There is pressure for the new independent practitioner to get a foothold in the market and they can be very vulnerable to the subtle arts of coercive persuasion. If the practitioner then relays to the patient a very upbeat description of the procedure, emphasising the simplicity and effectiveness, the potential then arises for a very difficult management challenge if things do not turn out as planned.
Polydioxanone (PDO) thread ‘lifting’ is actually a technique whereby a meshwork of threads is created in the facial skin. The threads are absorbable, but in the process, stimulate an inflammatory response that induces new collagen formation and tightening of the skin. The simplicity of the concept belies the complexity of the biological response and the need to exercise caution regarding both the physiological and pathophysiological response but also the psychological response to treatment. I would be interested to know if those who are currently performing this technique in the UK adopt the test patch concept to ensure no untoward reaction or sensitivity to the polydioxanone. Polydioxanone is commonly referred to as PDS and is a slowly absorbing monofilament suture (PDS = pretty dam slow) and is commonly used in wound closure by surgeons from many specialties. It is regarded as relatively biocompatible with complication free use, as high as 95% in abdominal wound closure, but that still leaves a small number of patients who do not react well. Transfer that poor reaction to a patient in whom multiple threads have been introduced into the face and a letter from a solicitor will surely follow.
The take away message is that there are no techniques or procedures that are guaranteed to work in 100% of cases. New techniques must be treated with caution and whilst there is always the first case in any practitioner’s repertoire it is important to be honest with the client / patient. There is not a single practitioner in aesthetic practice who has not, or will not, experience a patient who develops a suboptimal result. But, thankfully, not all such patients will sue their practitioner. Dealing with complications and the unhappy patient is a test of the maturity and competence of the practitioner. Ensuring that you are appropriately trained and going through the consent process in rigorous detail creates a very solid foundation from which to develop a professional relationship which can survive both the good results and the less favourable outcomes. Such preventive measures will also reduce the risk of litigation and / or compensation that a patient may claim.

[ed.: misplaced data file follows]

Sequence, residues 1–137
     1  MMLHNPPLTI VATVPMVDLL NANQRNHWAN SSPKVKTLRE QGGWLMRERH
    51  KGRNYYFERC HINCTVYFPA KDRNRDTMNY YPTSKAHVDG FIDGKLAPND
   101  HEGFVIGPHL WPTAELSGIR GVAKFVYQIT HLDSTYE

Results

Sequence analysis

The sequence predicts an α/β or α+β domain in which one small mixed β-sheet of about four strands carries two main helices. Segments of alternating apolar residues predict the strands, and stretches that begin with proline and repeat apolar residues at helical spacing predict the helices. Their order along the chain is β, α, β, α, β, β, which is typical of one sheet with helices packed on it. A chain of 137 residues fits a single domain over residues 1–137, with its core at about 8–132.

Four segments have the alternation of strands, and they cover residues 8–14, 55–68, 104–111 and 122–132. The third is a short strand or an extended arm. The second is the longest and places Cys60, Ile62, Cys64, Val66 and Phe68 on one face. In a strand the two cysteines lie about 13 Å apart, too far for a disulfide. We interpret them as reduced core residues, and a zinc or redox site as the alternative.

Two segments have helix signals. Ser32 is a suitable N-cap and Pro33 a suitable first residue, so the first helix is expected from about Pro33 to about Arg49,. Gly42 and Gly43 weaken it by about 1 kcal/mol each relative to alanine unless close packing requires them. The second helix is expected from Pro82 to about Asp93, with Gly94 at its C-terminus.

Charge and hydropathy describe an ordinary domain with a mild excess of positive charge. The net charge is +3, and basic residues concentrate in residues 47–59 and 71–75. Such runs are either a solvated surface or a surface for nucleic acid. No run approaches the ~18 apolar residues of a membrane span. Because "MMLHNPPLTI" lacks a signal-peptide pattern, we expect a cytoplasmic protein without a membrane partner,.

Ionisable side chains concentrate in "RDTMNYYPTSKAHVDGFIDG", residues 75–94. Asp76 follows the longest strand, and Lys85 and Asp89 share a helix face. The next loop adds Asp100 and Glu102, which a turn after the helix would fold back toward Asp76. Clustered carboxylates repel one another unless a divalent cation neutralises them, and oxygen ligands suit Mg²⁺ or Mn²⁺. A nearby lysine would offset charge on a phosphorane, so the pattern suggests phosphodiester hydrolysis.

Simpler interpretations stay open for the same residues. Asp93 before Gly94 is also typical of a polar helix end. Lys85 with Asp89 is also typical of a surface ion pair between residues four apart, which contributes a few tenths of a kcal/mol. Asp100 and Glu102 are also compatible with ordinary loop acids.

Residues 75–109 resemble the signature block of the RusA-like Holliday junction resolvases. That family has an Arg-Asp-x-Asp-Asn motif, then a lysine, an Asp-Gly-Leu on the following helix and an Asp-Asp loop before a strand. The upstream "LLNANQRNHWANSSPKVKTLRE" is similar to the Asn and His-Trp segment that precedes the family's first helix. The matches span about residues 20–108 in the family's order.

One final point is to consider the concept of the Duty of Candour in such instances. The spirit of this ‘Regulation 20’ promulgated by the Care Quality Commission (CQC) is noble, but unfortunately, we do not live in a noble world and so there is a tendency to practise defensive medicine. It is always better to put too many, rather than too few, potential risks and complications on the consent form. If that frightens a patient or client away do not begrudge the loss of fee. Happy patients are more important than a happy bank manager. To keep both happy requires skill, but also luck. That is something the CQC does not seem to understand.